Are my kids spoiled? It was a question I often asked myself every time they threw a tantrum if we left Target without a toy purchase. Or the times I had to negotiate with toddlers that mommy is not buying any toy over $5. And it wasn't that I couldn't afford it. My American-borned kids have no idea what life was like for me as a refugee child. Our first place in America was a cramped one-bedroom apartment with seven kids and parents. We were lucky to have food on the table and second-hand clothing on our backs. My parents worked seven days and nights, odd and end jobs to raise the family. And while life was financially and emotionally tough, we were happy to be living on American soil. Nothing went to waste and anything other than the basics was considered a luxury that we couldn't afford.
As I'm explaining to my 3 and 4 year old, every time they demand a senseless toy, I feel sad at the thought that they may never have an idea of what life was like for their grandparents, aunts, uncles and mom. Why their grandparents sacrificed and risked everything so that their existence could include mindless Target shopping trips.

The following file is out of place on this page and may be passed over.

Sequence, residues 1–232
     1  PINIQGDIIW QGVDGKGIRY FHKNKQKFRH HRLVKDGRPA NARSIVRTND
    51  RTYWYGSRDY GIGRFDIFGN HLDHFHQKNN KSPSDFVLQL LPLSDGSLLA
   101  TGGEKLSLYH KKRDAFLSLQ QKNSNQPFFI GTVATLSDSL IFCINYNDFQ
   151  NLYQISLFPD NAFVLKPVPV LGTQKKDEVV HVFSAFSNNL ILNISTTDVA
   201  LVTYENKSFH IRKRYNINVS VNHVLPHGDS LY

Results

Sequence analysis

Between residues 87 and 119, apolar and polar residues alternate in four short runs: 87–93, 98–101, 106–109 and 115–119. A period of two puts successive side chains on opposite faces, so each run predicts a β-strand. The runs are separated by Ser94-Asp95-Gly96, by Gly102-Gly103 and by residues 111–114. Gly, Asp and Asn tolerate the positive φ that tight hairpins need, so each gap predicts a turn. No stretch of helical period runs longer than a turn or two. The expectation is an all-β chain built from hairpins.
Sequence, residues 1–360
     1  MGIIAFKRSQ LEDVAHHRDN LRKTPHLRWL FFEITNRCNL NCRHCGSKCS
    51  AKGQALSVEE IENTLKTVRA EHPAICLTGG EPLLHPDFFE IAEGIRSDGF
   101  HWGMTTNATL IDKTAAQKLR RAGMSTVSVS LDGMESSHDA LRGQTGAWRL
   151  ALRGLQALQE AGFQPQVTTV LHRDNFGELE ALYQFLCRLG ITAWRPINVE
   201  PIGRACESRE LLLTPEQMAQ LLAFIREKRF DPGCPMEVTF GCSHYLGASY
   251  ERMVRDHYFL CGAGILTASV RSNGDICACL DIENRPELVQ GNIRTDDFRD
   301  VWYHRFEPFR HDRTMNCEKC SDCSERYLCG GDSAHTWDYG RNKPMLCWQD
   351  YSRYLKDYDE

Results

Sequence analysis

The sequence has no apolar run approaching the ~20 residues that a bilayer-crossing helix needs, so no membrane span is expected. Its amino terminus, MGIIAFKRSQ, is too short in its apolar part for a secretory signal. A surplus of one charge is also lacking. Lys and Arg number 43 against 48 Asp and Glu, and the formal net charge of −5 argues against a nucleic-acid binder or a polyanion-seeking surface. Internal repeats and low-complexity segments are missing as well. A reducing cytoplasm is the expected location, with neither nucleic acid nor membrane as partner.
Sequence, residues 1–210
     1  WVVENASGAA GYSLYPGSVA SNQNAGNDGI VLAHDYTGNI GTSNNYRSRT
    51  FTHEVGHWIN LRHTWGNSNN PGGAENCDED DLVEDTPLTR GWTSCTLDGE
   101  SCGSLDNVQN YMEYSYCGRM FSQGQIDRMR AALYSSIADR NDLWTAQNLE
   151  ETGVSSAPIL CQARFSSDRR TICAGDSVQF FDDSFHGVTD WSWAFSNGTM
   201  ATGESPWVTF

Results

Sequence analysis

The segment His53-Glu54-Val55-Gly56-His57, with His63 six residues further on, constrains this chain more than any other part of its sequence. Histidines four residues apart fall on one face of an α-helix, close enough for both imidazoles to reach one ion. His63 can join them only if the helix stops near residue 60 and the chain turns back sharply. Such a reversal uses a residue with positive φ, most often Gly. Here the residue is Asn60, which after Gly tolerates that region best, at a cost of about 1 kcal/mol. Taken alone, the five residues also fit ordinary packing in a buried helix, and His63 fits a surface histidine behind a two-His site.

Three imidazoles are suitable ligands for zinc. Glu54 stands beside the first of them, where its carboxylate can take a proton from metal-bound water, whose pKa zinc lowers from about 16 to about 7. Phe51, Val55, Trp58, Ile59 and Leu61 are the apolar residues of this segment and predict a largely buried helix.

I might sound like a version of my parents griping about 'back in the day' but those screaming moments at Target was part of what led me to the journey that I'm about to embark on. My parents are well past their 70s. My window of opportunity to capture their stories is closing. When my children are older, I want to make sure they have a 'good' idea of their family's past and how it paved the way for their futures.
I am so excited about the journey I'm about to go on. I can't believe it's taken me 37 years to do this, but they say it's never too late!
The photo below is of me, hubby and the kids.